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Live At the Fillmore 1969

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Crítica do álbum

Although the Move made barely a ripple in the U.S., they actually did a short tour in fall 1969, marking their only visit to the States. This double CD has live recordings made from their performances at the Fillmore in San Francisco on October 17 and 18 of 1969, most of them coming from the earlier of the two dates. Apparently its appearance was delayed for quite some time owing to concerns about its fidelity, but with the help of "advances in studio technology" trumpeted in the liner notes, it's finally been prepared in a shape deemed acceptable for release. Thank goodness it's passed muster, because the fidelity is more than acceptable, and it's a quite historically interesting document.

The big surprise, considering the band had already scored half-a-dozen sizable hits in their native U.K., is that just one of them ("I Can Hear the Grass Grow") is here. For that matter, the repertoire is surprisingly cover-heavy, including just two more Roy Wood originals ("Cherry Blossom Clinic (Revisited)" and "Hello Susie"). As perversely uncommercial as the choice of material might have been in 1969, it's to our gain several decades later, giving us the chance to hear some surprisingly arcane tunes for a big-name (at least in much of the rest of the Western world) act. Could there have been any other band anywhere, for instance, that put not one but two Nazz covers in their set — let alone a band that were much bigger than the Nazz? Yet the Move did so at the Fillmore, with an impressive seven-minute version of "Open My Eyes" and a rather less effective 14-minute one of "Under My Ice," which briefly quotes from "Eleanor Rigby" in its instrumental section.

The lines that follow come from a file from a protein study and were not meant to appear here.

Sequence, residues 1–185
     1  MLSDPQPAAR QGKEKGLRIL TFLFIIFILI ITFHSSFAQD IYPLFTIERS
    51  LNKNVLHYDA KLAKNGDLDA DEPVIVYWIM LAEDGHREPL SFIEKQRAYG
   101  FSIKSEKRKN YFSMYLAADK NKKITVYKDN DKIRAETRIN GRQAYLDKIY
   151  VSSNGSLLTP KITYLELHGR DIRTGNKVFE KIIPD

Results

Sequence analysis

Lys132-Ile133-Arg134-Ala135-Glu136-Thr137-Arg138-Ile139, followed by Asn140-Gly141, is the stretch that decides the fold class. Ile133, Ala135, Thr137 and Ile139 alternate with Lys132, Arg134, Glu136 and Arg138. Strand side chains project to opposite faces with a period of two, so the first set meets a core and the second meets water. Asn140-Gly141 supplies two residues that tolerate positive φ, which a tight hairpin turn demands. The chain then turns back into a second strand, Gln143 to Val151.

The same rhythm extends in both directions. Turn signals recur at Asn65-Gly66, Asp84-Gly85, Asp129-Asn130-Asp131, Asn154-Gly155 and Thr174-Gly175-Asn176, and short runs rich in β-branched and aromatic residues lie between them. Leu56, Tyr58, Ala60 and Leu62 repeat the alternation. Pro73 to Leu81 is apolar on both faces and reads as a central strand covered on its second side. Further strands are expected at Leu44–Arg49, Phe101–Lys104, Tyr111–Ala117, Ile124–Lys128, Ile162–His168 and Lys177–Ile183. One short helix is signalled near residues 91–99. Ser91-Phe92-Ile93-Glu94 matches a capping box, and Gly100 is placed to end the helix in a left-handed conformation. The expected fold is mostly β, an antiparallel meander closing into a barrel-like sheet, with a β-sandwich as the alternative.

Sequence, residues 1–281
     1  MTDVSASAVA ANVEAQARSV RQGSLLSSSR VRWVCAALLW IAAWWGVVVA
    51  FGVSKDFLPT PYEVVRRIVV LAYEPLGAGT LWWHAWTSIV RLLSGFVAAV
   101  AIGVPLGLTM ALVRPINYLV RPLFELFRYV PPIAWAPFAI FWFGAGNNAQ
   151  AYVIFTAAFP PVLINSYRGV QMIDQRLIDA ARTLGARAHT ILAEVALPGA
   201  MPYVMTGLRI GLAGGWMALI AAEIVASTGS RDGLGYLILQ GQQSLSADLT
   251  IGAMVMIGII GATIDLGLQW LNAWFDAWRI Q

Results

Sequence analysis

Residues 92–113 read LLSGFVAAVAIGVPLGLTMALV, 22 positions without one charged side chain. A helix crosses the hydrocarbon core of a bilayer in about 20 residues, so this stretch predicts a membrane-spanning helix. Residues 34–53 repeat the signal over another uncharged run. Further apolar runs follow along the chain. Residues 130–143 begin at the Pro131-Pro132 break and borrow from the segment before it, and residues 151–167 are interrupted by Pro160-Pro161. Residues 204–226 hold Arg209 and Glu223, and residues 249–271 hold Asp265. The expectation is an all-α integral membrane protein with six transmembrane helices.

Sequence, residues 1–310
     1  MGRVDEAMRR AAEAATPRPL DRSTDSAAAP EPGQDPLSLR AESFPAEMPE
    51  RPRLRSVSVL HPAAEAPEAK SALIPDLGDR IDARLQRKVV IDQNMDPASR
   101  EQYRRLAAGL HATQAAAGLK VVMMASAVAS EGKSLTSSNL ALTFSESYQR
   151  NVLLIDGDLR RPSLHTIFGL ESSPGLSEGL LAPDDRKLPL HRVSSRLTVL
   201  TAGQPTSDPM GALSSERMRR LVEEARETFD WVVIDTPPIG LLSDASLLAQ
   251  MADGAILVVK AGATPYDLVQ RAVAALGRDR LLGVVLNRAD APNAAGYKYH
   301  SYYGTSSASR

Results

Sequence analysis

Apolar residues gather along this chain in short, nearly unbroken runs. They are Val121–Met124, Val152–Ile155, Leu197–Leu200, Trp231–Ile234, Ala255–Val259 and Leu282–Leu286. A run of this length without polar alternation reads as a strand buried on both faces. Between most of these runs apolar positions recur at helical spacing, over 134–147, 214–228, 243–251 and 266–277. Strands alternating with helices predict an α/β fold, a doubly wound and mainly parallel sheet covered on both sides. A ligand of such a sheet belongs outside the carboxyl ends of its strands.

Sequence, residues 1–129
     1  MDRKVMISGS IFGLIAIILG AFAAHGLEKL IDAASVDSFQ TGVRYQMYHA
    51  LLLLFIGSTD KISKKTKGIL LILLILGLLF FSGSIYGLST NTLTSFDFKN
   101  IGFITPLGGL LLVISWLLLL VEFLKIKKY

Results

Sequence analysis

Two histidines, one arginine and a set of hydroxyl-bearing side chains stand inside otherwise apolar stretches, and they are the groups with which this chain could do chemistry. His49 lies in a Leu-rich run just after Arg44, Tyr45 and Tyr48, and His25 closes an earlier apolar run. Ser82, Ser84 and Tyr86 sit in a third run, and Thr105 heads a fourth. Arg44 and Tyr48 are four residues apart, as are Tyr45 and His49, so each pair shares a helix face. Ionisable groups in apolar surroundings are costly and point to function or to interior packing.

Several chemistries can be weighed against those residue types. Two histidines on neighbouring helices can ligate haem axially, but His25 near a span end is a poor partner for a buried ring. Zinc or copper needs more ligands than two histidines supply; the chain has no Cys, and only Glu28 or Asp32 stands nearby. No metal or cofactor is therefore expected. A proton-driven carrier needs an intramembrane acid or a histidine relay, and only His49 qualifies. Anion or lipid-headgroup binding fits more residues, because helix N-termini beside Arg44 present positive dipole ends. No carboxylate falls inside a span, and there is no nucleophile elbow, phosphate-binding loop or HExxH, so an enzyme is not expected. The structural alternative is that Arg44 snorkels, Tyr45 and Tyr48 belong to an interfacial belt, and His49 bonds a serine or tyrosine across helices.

Overall, the Move sound much heavier here than their records up to that time would lead one to expect. All of the tunes are stretched out to five minutes or more; there's more instrumental jamming than you hear on any of their studio records; and Bev Bevan's drums are more frenetic than they were in the studio. Yet the Move are nonetheless also adept at complex pop harmonies, on both their own material and covers like "Going Back" (based on the Byrds' version). At the same time, they take extreme but listenable liberties with some of their stronger studio tracks, stretching "Fields of People" to 17 (!) minutes with what sounds like an electric sitar solo, and even pushing "I Can Hear the Grass Grow" to the ten-minute mark, partly by virtue of a detour into Steppenwolf's "Born to Be Wild" (!).

Though perhaps a bit of a disappointment to those who'd like to hear more of Wood's concise, witty, poppier songs live, the record's a good testament to the band's ability to rock out hard and heavy — a direction they were already leaning toward by the 1970 Shazam album (on which four of the songs previewed here were included). There's a bit of repetition since the final three songs on disc two (the only three from October 18, 1969) are also heard in their October 17, 1969 versions, but they're placed far enough apart that it's not a bother. Bevan, bassist Rick Price, and the late singer Carl Wayne all contribute to liner notes that give the full story of the concert and the tour, the record ending with an informative, ten-minute spoken interview with Bevan.


Formado: 1966 em Birmingham, England

Género: Rock

Anos em actividade: '60s, '70s

The Move were the best and most important British group of the late '60s that never made a significant dent in the American market. Through the band's several phases (which were sometimes dictated more by image than musical direction), their chief asset was guitarist and songwriter Roy Wood, who combined a knack for Beatlesque pop with a peculiarly British, and occasionally morbid, sense of humor. On their final albums (with considerable input from Jeff Lynne), the band became artier and more ambitious,...
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Live At the Fillmore 1969, The Move
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  • 15,99 €
  • Géneros: Rock, Música, Pop
  • Lançamento: 18/12/2011

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